Although multimedia products and services might be used as tools in the process of learning, they are not in themselves ways of learning. Neither is the content of these products and services learning as such.
New information and communication technologies can  be key contributors to the evolution of teaching and learning methods, and must therefore  be fully integrated in the education system.[8 & 9] It does not necessarily follow that because technologies maybe can change education methods that they therefore must be used. This apparently logical statement is deliberately misleading in its attempt to convince us that the use of technology in teaching and learning is inevitable. With such arguments it is advisable to come back to basics and ask some simple questions. What exactly do we want to change, if anything? Why do we want to change it? How can communication technologies help achieve these changes, if at all?
 What exactly is meant by fully integrated ? In the discourse about technologies there is often a tendency to be totalitarian - that is to say, technology is seen as englobing everything and everybody. Is this what the word fully connotes here?
This evolution  must  take place in the context of competition as only it can foster the required initiatives and creativity. What exactly is the evolution being referred to here? Evolution has to do with change. It is generally seen as an on-going process that is in many ways inevitable and irreversible. Is it the advent of the Information Society that is put forward as inevitable here? Is the Information Society inevitable? And if so, is its form necessarily that which commercial interest and governments depict?
[12 & 13] The word must here introduces a belief rather than an apparently logical conclusion from what went before. The belief expressed is that competition is the essential driving force in society. This is confirmed as the text goes on to say that competition is the only solution. The title indicates where this force is supposed to be driving us: the promotion of Europe's culture. Is this the case? To what extent can competition promote European culture? There are no doubt close links between the ideas expressed in this speech and those of evolutionists who believe in the survival of the fittest as a competition in which the strongest and the fittest always wins. Nature belies this one-sided vision over and over again with its delicate balance between competition and collaboration. Cancer is a very striking example of how unbridled competition with no collaboration works.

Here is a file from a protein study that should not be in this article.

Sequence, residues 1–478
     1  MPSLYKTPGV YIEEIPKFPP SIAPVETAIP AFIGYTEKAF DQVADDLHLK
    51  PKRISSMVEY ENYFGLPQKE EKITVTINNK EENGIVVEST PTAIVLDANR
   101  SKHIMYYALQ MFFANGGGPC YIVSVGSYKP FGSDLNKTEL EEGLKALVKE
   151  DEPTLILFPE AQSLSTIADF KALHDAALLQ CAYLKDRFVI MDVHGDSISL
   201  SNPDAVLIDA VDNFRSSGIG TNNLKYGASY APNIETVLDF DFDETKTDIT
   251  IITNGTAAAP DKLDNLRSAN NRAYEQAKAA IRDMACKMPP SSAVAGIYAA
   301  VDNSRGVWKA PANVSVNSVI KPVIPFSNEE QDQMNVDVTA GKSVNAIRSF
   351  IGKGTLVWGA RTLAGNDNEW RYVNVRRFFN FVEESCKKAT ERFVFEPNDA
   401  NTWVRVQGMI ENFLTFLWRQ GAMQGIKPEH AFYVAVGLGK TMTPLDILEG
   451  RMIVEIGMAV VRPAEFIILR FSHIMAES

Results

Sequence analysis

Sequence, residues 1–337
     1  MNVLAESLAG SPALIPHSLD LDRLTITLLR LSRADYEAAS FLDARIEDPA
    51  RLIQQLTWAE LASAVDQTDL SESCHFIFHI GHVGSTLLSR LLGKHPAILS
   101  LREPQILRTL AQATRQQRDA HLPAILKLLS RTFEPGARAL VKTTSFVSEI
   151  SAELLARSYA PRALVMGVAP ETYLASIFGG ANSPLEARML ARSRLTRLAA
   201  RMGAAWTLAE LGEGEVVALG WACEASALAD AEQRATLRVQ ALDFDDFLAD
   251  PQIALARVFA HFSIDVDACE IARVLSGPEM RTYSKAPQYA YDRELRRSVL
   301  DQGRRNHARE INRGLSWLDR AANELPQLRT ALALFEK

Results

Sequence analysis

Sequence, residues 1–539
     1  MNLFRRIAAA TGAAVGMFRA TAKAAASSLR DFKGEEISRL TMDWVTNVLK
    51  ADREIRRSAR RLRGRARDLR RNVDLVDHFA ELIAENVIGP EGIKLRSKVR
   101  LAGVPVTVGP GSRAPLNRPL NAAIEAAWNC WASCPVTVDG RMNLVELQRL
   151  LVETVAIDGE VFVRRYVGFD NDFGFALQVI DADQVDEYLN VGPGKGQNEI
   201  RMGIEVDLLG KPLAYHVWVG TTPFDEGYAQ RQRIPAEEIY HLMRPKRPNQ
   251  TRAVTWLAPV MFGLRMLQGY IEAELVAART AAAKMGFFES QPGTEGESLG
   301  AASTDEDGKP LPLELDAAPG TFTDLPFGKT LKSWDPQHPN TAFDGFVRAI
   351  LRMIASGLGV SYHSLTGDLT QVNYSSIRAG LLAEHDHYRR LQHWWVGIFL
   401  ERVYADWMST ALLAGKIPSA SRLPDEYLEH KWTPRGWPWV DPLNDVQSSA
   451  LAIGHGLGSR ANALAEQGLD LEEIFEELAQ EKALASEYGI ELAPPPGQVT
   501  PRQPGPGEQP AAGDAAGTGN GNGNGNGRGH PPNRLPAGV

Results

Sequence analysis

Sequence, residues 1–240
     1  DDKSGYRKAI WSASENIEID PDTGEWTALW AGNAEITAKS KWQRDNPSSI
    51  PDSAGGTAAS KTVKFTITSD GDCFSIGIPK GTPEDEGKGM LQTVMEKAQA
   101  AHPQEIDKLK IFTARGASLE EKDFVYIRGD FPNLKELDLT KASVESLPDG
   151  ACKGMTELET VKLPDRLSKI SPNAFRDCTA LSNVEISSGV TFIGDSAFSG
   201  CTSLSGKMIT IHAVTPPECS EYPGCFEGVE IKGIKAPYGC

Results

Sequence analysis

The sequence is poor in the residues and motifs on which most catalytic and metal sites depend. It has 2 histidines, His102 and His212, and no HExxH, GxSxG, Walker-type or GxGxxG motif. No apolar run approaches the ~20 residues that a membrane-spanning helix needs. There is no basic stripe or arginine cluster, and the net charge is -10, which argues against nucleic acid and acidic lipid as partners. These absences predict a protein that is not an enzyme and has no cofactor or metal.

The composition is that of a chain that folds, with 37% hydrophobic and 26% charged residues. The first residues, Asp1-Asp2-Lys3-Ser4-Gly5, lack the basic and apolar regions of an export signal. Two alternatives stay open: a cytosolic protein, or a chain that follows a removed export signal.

While Europe produces 300 films a year (more than Hollywood!), each movie is seen in average by only  2.1 million people. This compares with an average audience of 215 million for a US movie. [...] Yet pumping public money in movies that do not meet the audience's expectations  is no support for Europe's culture. The word only clearly implies a value judgement. Several million is apparently not enough. How many people would be enough? Clearly financial calculations would give one answer in terms of breaking even or making a profit. But is that quantity enough or could it be too many? If you had doubled the audience at the recent Festival de la Vallée des Terres Blanches it is unlikely it would have been twice as good. On the contrary. Edward de Bono put this phenomenon quite neatly by talking about the quantity of salt you put on your food.
 The assumption here is that audience expectations can be globally judged by referring to those films that the largest number of people look at. This is the logic adopted by mass media and television in particular. What happens to the richness and the diversity that is typical of Europe in this logic? Maybe it is appropriate and better in Europe to make many films for smaller audiences. If you want to win a battle, it is better not to fight it on the enemy's territory... and maybe you don't even need to fight a battle at all. Is there not a risk that in comparing yourself to the ostensibly displayed strengths of others that you feel weak and yet obliged to fight. Whereas, if you are aware of and develop your own strong points you are not only better off, but may well not feel enticed to fight a wasteful, if not catastrophic, battle at all. Share or comment
ISSN: 1664-834X Copyright © , Alan McCluskey, firstname.lastname@example.org